Life is so fragile

Wednesday, May 23, 2012

I know this better than anyone.  I have lost quite a few members of my family in my lifetime.  One of my first experiences with death was losing my Grandpa when I was 7 or 8 years old.  I remember my parents getting a call telling them that something was wrong.  I remember playing in the front yard while my mom and dad went up the street to my grandparents house, thinking that it must be my grandma that was sick.  Apparently my Grandpa had died of a heart attack a few hours earlier while feeding the birds in his backyard.  That was one of his favorite things to do.  Something as simple as that and he died while doing it.  They actually found him with peanuts in his hand on his back patio.

A few years later I lost my Grandma.  She and my Grandpa had always had issues, but she missed him so much and was never the same without him.  After many years of smoking cigarettes, she got lung cancer and had one of her lungs removed.  She was on oxygen 24/7 and had to have a visiting nurse.  Even while on oxygen she still tried to sneak cigarettes and would bribe us kids to sneak them for her.  Then she started losing her memory.  That was terrible.  She didn't remember me or any of my siblings.  One of my last memories of her was having Easter at the hospital where she was.  I have never once in my life smoked a cigarette thanks to her.

In the next few years I started to lose lots of other aunts and uncles.   About seven years ago I lost one of the great Aunts that I had been close with when I was young.  She died suddenly of a suspected brain aneurysm.  I took several days off work to attend the funeral.  I remember how awful the ceremony was.  It was at a funeral home and there weren't very many people or flowers there.  I remember hugging the one grandma that I have left at the cemetary.  It was her sister that had passed.  I remember thinking...this has to be the last person for a while.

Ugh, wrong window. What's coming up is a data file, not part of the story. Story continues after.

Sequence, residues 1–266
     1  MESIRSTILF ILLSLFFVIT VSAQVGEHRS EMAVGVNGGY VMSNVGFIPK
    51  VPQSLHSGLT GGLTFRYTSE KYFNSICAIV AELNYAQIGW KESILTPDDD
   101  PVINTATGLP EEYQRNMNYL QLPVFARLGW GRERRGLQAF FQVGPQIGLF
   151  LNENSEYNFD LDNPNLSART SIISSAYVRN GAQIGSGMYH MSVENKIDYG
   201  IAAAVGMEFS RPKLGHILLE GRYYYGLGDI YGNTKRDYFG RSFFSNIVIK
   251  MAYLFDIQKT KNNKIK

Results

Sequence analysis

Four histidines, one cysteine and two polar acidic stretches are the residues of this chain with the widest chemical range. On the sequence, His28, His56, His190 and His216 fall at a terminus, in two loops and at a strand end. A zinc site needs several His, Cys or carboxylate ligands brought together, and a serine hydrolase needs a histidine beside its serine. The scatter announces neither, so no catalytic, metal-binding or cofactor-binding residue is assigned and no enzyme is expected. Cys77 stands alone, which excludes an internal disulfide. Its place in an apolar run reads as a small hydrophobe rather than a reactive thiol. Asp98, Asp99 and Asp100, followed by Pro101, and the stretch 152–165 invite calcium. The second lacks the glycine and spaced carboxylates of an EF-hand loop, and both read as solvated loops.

Then I got the call from my mom late Friday night telling my that my Dad had died.  Apparently his heart stopped while he was driving home from his soccer game (myocarditis & enlarged heart).  My husband (who was my boyfriend at the time) and I were on our way back from the movie theater.  We had just seen Flight 93.  The events that followed that phone conversation are very fuzzy to me.  I don't remember much from the few weeks that followed.  I remember being at the funeral home and having to hug so many people for so many hours as they streamed through.  I remember trying to hold it together for my little siblings.  I remember seeing my Dad laying there peacefully in the casket.  I remember seeing my Mom, Uncle, and my Grandma completely wrecked.  I didn't know what to do or how to feel.  I just felt numb.

I have lost many other family members in the years that followed.  My husband has been lucky to lose very few.  His Grandma is almost 100.  Having the 3 miscarriages this past year made me realize that life at all stages is so fragile.  I used to associate death with the elderly, but after losing my dad and my babies, I have completely changed my opinion.  Death comes when you are least expecting it and at any age so we need to live each day like it is our last.  You never know when your number is going to come up.  I have to keep reminding myself of that.

Yesterday we received an email at work, saying that one of our co-workers had died of a heart attack on his drive in to work that morning.  I can just imagine he left his family that morning expecting to see them again at the end of the day.  I hope that he at least told his wife that he loved her before he left.

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